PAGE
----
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A pragmatic view

A pragmatic view

By Elena Tsalanidis

Child Support Child Welfare Family Court Parents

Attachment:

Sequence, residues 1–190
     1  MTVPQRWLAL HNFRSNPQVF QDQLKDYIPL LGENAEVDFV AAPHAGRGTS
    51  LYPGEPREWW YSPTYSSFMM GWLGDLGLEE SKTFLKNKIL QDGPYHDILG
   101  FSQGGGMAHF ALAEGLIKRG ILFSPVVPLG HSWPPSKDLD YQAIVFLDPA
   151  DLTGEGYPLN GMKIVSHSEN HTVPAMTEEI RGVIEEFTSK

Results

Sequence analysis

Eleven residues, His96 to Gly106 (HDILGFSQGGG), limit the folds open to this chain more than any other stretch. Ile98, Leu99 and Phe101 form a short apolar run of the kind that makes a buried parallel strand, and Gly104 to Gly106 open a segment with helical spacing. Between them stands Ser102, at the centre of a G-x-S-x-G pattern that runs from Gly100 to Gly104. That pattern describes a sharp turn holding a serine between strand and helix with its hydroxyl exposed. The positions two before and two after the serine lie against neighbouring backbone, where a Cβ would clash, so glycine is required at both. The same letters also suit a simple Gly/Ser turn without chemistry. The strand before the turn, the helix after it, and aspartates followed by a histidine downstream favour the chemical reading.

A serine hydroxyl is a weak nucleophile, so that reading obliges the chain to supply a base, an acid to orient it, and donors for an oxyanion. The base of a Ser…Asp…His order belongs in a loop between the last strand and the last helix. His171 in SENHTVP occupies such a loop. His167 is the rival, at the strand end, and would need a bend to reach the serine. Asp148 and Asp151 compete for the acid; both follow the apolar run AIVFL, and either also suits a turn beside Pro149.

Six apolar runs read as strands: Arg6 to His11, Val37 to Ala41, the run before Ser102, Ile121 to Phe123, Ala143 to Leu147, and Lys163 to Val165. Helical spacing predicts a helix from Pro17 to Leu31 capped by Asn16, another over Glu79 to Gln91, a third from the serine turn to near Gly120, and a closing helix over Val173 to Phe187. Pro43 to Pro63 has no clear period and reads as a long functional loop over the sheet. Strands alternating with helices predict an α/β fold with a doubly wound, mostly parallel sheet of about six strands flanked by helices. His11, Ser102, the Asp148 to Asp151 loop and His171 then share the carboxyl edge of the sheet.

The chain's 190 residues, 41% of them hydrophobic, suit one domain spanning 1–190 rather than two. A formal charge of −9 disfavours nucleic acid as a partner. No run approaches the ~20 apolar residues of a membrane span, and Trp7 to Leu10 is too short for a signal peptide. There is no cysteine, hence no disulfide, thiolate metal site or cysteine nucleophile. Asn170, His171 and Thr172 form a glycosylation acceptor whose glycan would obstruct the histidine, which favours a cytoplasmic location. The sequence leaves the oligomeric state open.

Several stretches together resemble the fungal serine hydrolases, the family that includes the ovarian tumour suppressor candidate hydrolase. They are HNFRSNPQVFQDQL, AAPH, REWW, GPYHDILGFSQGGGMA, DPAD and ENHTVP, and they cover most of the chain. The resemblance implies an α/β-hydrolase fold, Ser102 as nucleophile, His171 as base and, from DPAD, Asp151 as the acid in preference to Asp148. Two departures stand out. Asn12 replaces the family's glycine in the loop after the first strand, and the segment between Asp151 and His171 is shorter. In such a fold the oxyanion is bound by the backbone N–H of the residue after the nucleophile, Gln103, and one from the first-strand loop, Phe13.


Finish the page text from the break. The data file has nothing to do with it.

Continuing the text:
The Victorian Court of Appeal recently considered whether someone can be a stepchild of their biological parent’s de facto partner. Snapshot Does the definition of "stepchild" in family provision legislation include a de facto stepchild? Is someone a stepchild of their biological parent’s de facto partner? The Supreme Court of Victoria heard a test case concerning amendments to the family provision legislation regarding the definition of “stepchild” in Scott-Mackenzie v Bail. The Court of Appeal found that “stepchild” clearly includes a de facto stepchild. This is reflective of the plain and ordinary meaning of the words in the context of the Act and the societal recognition of de facto partnerships as equal to marriage. On 10 May 2017, the Court of Appeal of the Supreme Court of Victoria delivered a decidedly modern joint judgment regarding the definition of “stepchild” for the purposes of the family provision legislation.1 Can someone be a stepchild of their biological parent’s de facto or domestic partner? The argument before the Court was whether a biological parent and step-parent must be married for the relationship of stepchild/step-parent to arise.2

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